I’m really not that familiar with the Cargomaster but have seen a few in museums. I also didn’t know that in 2008 one had flown:
Filed under Airplanes, Flying, History, Plane Pr0n, USAF
Before meeting this group I thought I had a lot of aviation knowledge but have since been humbled
Among you guys at the Lexicans are a retired Air Force Test Pilot, Navy flight instructor….Just the ones I know about…
I did read a couple of interesting articles on the CargoMaster – particularly its tendency to spin.
Imagine spinning in this thing – a lot of accidents.
If I remember the story in my Edwards book right the Air Force grounded them and an Edwards test pilot came out to an East Coast base and deliberately tried to induce it’s ugh, bad habit?
I think they put a stall strip on one of the wings; can’t remember which one.
Here’s another good article on them –
Oh, asnd I think the plane themav14D showed was privately owned – still in faded Air Force markings up in Alaska – flown down to the Travis AFB museum
The bit about spins was true one of the old Airtanker pilots I knew was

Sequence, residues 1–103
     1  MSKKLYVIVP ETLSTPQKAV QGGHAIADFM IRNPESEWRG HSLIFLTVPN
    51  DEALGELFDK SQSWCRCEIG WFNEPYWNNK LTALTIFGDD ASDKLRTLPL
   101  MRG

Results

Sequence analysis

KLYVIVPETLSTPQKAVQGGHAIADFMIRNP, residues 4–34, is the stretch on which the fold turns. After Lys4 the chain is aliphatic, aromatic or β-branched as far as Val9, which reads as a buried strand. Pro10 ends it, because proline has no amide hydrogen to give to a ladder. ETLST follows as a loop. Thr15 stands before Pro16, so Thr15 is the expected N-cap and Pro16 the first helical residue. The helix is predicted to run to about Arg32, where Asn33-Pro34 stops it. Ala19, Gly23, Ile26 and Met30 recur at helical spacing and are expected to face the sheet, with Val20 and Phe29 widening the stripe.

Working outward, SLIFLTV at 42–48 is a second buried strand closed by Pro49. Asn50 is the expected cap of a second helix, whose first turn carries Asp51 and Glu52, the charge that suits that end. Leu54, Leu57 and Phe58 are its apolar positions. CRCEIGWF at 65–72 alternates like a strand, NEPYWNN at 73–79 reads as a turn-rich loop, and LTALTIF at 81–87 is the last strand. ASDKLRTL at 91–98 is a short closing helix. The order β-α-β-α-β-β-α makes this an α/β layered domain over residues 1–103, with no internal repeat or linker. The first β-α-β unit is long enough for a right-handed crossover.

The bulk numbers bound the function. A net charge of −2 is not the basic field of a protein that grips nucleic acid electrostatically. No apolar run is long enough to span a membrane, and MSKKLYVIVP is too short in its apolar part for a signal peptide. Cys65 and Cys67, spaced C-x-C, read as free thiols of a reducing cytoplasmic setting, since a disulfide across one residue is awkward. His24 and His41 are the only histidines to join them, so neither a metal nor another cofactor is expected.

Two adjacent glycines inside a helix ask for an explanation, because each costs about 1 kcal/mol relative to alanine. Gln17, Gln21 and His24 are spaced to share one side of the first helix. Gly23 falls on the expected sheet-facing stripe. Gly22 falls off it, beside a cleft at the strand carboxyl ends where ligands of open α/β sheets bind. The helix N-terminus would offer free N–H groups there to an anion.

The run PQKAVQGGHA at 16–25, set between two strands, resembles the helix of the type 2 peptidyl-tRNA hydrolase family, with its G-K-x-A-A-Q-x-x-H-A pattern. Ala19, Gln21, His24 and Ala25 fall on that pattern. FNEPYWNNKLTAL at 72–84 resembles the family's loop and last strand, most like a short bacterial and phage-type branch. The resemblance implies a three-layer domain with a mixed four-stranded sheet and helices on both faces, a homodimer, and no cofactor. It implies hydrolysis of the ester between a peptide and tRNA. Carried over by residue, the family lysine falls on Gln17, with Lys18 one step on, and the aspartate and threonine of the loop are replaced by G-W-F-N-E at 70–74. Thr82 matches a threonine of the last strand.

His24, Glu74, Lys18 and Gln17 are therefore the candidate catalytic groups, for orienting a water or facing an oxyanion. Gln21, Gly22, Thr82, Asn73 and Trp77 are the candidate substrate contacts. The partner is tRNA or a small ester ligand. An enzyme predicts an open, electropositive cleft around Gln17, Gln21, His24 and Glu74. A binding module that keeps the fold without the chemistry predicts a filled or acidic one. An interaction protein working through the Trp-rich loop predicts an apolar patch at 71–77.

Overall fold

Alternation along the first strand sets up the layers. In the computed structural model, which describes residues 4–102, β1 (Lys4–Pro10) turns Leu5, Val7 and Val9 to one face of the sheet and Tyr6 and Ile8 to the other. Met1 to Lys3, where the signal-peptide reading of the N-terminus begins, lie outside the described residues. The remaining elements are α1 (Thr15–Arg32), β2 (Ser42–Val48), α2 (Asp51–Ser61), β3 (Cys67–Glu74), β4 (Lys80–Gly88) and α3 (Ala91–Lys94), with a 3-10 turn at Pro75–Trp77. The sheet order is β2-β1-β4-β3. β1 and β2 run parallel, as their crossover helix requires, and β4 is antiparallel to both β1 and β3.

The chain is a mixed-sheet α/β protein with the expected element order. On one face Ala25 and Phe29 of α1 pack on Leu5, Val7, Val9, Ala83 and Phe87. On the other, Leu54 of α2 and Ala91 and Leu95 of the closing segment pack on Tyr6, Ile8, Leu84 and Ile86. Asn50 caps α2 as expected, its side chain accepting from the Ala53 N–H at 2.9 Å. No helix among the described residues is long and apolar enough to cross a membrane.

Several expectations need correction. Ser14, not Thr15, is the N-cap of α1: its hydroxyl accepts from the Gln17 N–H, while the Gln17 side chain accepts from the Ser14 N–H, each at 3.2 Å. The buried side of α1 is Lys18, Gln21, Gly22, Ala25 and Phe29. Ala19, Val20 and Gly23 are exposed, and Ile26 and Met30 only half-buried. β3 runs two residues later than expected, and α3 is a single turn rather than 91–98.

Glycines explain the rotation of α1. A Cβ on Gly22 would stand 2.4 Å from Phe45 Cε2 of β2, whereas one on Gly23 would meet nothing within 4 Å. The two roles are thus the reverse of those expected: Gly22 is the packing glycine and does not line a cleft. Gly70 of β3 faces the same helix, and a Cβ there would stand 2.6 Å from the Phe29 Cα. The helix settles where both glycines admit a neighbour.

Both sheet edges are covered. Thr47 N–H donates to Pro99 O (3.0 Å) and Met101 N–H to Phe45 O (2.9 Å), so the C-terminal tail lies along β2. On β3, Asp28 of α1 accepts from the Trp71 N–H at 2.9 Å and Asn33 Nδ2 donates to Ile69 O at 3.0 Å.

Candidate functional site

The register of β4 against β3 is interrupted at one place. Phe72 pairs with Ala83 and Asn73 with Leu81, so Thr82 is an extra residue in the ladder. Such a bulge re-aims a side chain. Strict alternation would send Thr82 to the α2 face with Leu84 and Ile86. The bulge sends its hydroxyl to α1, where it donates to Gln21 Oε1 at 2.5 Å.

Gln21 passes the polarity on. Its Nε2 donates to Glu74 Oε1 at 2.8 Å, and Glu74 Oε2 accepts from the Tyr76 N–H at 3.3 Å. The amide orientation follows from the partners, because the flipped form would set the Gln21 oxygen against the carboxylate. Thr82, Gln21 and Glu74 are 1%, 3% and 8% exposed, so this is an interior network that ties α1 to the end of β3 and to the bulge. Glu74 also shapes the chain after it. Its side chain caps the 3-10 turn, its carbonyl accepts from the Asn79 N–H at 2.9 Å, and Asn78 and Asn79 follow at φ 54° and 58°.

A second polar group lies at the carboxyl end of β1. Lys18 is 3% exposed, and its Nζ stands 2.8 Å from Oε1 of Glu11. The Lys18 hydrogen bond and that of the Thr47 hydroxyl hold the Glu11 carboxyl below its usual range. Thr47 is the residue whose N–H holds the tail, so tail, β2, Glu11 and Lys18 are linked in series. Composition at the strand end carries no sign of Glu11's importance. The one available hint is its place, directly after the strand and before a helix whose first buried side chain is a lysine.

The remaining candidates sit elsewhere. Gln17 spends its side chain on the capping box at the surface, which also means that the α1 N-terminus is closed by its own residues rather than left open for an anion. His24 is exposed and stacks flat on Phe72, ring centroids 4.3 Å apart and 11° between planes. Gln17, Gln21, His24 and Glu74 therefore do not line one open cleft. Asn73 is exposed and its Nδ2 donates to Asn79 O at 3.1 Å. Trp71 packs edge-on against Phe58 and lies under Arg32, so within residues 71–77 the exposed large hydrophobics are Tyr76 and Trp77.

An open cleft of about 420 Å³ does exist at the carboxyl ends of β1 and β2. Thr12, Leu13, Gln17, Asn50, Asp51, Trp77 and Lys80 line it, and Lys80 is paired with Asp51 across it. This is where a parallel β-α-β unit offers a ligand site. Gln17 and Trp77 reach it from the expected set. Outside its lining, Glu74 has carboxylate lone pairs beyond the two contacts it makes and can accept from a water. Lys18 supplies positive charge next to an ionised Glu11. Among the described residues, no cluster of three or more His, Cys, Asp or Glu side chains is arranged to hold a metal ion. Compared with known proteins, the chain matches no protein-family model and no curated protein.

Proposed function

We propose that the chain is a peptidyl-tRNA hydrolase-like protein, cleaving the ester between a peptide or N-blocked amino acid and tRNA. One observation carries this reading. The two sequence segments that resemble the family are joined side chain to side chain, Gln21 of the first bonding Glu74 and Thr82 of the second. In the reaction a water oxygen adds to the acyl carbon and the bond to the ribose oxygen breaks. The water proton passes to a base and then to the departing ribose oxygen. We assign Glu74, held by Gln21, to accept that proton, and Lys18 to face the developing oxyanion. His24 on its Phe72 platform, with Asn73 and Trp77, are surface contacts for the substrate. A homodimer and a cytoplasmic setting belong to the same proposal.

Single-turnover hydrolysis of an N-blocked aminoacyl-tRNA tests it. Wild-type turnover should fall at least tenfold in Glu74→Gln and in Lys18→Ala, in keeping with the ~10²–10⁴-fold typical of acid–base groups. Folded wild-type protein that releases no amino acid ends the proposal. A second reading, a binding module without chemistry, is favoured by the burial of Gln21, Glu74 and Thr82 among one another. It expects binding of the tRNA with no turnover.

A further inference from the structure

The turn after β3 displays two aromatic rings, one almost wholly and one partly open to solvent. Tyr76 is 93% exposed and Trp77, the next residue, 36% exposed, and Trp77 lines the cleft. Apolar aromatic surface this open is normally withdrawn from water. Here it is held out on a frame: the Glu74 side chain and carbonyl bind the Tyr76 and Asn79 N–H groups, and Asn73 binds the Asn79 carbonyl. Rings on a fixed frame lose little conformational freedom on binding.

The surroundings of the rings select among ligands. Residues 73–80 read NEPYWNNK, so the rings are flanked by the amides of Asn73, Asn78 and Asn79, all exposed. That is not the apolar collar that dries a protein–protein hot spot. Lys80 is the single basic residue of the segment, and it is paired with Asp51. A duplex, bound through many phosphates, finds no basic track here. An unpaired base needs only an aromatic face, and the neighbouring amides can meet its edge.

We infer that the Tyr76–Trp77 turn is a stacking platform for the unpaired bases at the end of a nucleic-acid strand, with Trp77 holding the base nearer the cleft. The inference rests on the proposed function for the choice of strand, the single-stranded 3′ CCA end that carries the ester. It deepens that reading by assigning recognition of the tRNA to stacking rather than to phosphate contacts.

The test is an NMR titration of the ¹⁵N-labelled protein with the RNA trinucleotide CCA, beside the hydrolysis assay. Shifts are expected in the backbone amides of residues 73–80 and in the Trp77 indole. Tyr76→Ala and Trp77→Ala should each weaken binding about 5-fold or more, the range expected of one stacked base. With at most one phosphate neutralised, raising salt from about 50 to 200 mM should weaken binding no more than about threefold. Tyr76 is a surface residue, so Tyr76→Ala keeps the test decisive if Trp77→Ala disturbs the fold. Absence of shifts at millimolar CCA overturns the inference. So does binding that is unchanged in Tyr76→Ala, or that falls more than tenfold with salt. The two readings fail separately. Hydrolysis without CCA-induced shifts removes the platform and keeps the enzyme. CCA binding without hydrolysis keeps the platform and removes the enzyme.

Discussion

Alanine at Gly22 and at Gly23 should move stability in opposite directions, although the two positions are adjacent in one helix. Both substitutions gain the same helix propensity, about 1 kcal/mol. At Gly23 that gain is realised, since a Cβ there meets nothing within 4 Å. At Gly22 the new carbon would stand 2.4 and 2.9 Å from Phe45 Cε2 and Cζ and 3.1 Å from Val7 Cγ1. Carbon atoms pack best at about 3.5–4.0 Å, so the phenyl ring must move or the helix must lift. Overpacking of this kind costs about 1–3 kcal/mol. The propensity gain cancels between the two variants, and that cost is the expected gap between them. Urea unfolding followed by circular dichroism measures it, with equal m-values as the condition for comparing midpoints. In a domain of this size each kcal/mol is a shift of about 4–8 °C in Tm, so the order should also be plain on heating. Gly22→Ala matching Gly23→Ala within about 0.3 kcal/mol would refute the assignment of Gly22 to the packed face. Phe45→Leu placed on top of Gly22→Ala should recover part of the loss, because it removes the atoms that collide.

an Flight Engineer on them one other little problem was the Engines
were a bit touchy as far at ITT temps went and you did not want to get a Hot Start more than once as i recall…
As most point out, the 133 was developed, originally, for the specific purpose of transporting ICBM’s around the country. Thus they didn’t need a whole lot of them. That mission went away with the advent of solid-fueled ICBM’s. With the advent of the C-141, with a lot better reliability, they were quickly relegated to the boneyard. They had engine issues, a propensity to explode due to electrical issues with their HF long-wire antenna system grounding and other things. It was not Douglas’ finest hour when it came to design. Yet, when flown frequently, as it was for many years in Alaska, it was a hard-working son-of-a-gun.
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